Mead lets slip that she did English Lit at Oxford at a time when Critical Theory was all the rage, and although she rather self-consciously “took to” it then, she seems to have eschewed it here, talking about readers making books in their own image and that image changing with time (fine), but relating herself and her experiences to her idea of the author and book rather than a close reading of either.

There is good material in here on other people’s reactions to Eliot, but I would have preferred a straighter biography. I started thinking that I can’t be the audience for this book – but as a mid-40s English graduate with a strong liking for “Middlemarch”, I rather suspect that I am. I’m glad I bought this when it was on sale, I’m afraid.

You’ll like this if … Hm … you have a high tolerance for loads of personal stuff and conjecture or you’re so obsessed with Eliot and “Middlemarch” that you’ll read everything about them.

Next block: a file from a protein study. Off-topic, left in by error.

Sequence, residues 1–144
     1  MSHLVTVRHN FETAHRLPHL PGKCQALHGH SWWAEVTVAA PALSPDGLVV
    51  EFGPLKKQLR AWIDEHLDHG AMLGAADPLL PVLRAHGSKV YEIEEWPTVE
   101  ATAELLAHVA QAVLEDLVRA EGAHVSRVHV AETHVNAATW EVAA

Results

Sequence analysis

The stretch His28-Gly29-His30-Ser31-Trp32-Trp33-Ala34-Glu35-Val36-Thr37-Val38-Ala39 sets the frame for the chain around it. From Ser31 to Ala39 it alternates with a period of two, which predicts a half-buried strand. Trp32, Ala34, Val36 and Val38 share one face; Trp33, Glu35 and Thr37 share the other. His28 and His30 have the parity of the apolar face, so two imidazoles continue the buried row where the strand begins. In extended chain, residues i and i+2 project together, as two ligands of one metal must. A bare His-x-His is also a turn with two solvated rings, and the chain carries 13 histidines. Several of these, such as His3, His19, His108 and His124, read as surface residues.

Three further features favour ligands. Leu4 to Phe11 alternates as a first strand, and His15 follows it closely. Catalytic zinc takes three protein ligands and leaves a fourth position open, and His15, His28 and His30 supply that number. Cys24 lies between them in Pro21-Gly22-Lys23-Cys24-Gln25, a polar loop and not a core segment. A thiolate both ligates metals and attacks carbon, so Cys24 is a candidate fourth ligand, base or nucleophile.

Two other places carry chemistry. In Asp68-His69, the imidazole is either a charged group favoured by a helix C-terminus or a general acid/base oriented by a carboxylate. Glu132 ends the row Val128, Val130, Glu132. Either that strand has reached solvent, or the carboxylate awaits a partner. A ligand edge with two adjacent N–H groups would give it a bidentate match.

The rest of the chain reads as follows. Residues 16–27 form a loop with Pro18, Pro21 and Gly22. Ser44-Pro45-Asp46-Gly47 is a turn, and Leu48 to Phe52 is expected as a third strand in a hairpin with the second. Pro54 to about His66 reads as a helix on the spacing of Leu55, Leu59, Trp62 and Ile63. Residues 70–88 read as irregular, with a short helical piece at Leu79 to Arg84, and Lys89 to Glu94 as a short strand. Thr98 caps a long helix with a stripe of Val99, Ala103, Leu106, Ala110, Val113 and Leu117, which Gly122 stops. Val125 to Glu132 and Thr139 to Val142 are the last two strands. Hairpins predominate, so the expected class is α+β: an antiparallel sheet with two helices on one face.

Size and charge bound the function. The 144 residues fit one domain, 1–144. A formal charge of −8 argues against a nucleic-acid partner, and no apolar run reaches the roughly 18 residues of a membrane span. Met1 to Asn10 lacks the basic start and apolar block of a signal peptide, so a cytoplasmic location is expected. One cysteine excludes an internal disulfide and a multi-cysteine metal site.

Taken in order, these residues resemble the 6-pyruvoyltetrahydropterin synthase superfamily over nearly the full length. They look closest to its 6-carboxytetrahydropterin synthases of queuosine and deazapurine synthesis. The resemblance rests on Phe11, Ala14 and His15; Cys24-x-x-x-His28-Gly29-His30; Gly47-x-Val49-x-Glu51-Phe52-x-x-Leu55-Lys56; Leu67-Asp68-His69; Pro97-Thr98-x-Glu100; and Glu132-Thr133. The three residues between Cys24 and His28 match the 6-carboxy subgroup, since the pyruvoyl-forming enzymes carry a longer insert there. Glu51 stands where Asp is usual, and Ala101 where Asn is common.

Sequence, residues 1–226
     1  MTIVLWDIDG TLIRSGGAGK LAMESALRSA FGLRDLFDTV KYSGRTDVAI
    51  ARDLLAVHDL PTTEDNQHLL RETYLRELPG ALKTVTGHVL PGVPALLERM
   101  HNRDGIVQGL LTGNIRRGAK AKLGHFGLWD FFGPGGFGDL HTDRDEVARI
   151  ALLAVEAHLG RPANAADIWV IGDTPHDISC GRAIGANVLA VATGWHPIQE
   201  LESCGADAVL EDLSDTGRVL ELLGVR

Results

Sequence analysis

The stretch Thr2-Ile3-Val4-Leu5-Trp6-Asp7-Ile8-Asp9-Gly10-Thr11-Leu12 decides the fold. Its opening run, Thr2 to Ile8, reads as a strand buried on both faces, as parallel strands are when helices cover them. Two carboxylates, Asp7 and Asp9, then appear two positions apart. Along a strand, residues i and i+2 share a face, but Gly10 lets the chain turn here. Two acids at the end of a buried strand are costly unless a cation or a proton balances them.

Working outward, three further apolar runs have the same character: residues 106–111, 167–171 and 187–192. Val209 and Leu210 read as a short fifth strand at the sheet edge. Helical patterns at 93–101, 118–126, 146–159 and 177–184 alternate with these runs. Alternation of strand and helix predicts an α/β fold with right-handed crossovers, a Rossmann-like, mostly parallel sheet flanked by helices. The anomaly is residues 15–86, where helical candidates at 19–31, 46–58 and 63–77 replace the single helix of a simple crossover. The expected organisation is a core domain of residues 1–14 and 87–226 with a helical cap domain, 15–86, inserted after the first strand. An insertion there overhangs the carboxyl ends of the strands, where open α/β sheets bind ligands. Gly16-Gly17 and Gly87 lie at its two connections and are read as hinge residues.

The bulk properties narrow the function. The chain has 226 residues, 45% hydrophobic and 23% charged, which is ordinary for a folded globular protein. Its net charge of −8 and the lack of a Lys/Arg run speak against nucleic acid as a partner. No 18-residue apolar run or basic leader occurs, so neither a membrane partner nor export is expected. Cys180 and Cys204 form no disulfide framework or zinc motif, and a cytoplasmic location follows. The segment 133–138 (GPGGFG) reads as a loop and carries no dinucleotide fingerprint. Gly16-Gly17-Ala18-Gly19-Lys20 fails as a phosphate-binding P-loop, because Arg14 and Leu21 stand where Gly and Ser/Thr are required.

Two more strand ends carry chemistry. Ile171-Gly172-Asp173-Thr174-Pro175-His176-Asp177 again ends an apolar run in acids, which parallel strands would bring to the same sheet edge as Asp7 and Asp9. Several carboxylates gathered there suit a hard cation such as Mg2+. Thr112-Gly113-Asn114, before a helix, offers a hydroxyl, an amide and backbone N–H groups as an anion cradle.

June 2015 up nextI’m currently reading Leonard Woolf’s “The Wise Virgins” but I haven’t got far enough into it to know much about it yet. It’s a Persephone and an attractive read so far. I also Came To A Decision and removed “Sociology Through Literature” and “Practical Criticism” from the TBR – they are going to live with my (OK, unread) tomes on bibliography that I acquired from the university library when it was weeding that section. I’m just not going to read them, although “The Act of Reading” I will read, as it’s a good source for my research.

I have acquired a pile of Debbie Macomber novels from my dear friend Linda, however some of them are returnees, and two need a first one bought before I can read them – basically, I haven’t sorted them out or photographed them.